It is the time of year when I wish I could just stay over in Utah. The winter is nearing its end and we are ready to get out. And two weeks is just never enough time, no matter the time of year. Nicolai and I had a great trip though, as always. The weather cooperated for the most part. There were a few cold nights, a few cold mornings, and of course the usual strong winds. Precipitation was very limited- we had a couple of snow flurries that lasted all of an hour at the most, and a couple of light rains that passed in a few hours.
We started our trip as we usually do at our “secret” camp site overlooking the train tracks near Westwater. From there we made a counter-clockwise loop to Moab, Green River, through the Green River Desert (along the edge of the Green River) to Horseshoe Canyon, Hanksville, down towards Hite, Cedar Mesa, and Mexican Hat, then up through Blanding and Moab back to I-70.
We visited some new locations, including Horseshoe Canyon to look at rock art. The panels down there are just amazing, truly some of the best you will ever see. And the preservation, for the most part, is great. Nicolai was a bit confused about why there was a chain keeping us back from the rock art at the Great Gallery. He understands that some people deface the rock art with their graffiti; he is quick to pick it out on nearly any panel. When I explained that the idea is to protect the panels so that he can come back to see them in 50 years, he kind of felt okay about it. We sat at the Great Gallery for a couple of hours, taking in the paintings, the clear sky, the trickle of water flowing down Barrier Creek. We will undoubtedly return there.
On many of our journeys to southeast Utah we stop in at the San Juan Inn in Mexican Hat for breakfast. We have a campsite at the southern end of Cedar Mesa that we frequently stay at, and that puts us only about 1/2 hour away from breakfast at the Olde Bridge Grille. One of the people working in the dining room is Navajo artist Joey Allen. We saw some of his prints last year and had hoped to buy one from him this time. Unfortunately he didn’t have any along, but they can be purchased from his website.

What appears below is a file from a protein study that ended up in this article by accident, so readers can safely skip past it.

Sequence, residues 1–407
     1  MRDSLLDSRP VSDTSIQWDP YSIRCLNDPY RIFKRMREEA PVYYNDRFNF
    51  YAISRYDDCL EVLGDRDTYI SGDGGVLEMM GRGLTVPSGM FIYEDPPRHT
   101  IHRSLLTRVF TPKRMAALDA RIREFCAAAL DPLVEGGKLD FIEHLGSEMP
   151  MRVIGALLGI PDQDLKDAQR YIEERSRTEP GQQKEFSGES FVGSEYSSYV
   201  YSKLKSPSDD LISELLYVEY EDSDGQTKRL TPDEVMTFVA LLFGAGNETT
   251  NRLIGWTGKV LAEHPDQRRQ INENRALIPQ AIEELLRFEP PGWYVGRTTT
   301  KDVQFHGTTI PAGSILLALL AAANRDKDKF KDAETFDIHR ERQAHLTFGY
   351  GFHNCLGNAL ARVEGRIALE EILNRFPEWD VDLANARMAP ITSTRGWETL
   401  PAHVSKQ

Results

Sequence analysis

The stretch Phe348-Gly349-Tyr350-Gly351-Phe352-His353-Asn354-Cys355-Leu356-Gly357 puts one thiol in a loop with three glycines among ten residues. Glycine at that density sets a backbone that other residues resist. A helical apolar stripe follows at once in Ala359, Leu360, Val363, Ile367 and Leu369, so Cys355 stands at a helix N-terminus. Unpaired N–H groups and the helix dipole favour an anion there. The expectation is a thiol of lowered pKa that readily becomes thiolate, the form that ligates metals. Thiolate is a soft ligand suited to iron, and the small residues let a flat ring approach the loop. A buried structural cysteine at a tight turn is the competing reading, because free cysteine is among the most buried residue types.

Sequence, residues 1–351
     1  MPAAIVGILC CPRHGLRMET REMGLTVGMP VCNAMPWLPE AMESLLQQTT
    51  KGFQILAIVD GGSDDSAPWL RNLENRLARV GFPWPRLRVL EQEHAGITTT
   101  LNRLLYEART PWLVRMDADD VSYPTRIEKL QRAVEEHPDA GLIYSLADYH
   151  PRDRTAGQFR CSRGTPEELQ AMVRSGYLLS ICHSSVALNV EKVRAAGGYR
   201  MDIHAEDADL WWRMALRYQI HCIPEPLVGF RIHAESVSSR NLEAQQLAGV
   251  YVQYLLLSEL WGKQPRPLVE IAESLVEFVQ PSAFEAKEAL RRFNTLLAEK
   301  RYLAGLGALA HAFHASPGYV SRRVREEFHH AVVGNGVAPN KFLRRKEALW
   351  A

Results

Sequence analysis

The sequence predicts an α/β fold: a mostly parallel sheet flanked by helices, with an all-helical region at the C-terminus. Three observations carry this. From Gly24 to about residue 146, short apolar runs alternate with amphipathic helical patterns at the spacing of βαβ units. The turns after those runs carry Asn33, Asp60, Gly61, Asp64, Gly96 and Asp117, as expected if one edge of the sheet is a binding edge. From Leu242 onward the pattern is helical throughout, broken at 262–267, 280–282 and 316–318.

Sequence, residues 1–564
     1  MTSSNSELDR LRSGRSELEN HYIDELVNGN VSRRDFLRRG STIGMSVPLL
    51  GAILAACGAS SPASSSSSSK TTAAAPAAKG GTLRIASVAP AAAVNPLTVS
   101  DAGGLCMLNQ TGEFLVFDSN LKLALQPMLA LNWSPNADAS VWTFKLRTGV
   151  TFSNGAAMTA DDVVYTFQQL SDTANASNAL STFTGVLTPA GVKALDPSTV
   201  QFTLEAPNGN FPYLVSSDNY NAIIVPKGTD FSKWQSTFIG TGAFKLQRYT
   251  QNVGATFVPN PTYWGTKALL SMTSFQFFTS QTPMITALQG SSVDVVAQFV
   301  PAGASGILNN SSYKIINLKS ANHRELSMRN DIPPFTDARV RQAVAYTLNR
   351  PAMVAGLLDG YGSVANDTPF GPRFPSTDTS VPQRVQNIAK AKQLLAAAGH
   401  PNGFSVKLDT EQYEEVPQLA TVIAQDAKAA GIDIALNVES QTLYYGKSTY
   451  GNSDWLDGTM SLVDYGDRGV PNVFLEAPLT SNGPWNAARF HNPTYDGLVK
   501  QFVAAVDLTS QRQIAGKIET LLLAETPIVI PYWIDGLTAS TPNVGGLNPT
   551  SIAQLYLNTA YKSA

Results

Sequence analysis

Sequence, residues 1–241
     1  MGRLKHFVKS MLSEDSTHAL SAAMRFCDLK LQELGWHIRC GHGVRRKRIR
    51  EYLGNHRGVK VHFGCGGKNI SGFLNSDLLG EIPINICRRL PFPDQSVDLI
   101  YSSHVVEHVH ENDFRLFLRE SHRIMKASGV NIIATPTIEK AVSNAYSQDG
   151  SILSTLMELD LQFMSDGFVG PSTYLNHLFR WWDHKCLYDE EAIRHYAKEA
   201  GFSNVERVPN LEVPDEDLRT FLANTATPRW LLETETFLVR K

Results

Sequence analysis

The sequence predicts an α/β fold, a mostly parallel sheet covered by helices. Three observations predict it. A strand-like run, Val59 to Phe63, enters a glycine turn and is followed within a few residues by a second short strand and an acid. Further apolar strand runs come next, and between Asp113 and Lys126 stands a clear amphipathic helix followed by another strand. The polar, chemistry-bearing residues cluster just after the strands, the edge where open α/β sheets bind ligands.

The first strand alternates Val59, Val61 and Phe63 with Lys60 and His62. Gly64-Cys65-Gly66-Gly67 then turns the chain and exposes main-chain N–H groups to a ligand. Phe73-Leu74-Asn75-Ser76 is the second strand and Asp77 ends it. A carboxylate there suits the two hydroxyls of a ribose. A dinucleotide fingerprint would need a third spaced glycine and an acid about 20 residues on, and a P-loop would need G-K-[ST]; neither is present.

Hunting and Primitive Skills
Anyone who has read our blog or visited the Desert Explorer website knows that we focus a lot of our time on primitive skills. On this trip we experimented with using rice grass for making the birdsnest for starting fires. We used it on many nights with the metal match, and gave it a try a couple of times with the spark from our bow and drill. It required a bit more striking with the metal match to warm the material up than does Juniper bark for example. I am sure this is because the material is more coarse. The grass burst into flames with a couple of blows after dropping the spark from the bow and drill into the birdsnest.
In our last post we included a photo of a not-so-perfect obsidian knife we had made. The inspiration for that knife is at the Edge of Cedars Museum in Blanding. There are four beautiful knives on display there from a cache in nearby Westwater Canyon. They are normally displayed in the “visible storage” area upstairs. But now they are downstairs in a plexiglass cube as part of a new exhibit, allowing me to get a decent photo of them.
Nicolai loves the knives and we had to go back for a second visit to look at them, and take a few more photos for him, before we could leave Blanding.
We had originally planned to shoot a rabbit or two on this trip. Nicolai had plans for the meat, as well as the pelts and other parts. But we did not have the best luck hunting during the time we had our license. We did find tracks and scat, nothing fresh, but no rabbits made themselves visible to us. We did have some fun firing our Ruger 10/22 though. It was Nicolai’s first time firing it and he loved it. It seems it will be a permanent part of the packing list for Utah from now on. And we’ll try our luck at finding some rabbits next trip.
SPOT GPS Messenger
Finally, we did try out our new SPOT. We sent at least one “okay” message from our camp each night. We sent out our custom message whenever we found rock art or ruins. I made note of where and when each message was sent. Every message made it through, without fail. You can click on the links that are sent out and view “road” maps, toppgraphic maps, or satellite maps. From our end on the ground, it took only seconds for the “message sent” light to start blinking. I was a little skeptical about that, so took notes on each “send”. I am more of a believer now. It is a great way to keep in touch and let friends and family know you are on track and okay. And should you need it, it might save your life. You can read more about the SPOT and how it compares to PLB’s in some of our past blog posts or at the Desert Explorer website.
This post has provided a quick summary of some of our trip. We will post more in-depth soon about the rock art we saw and other locations we visited that might be of interest to everyone.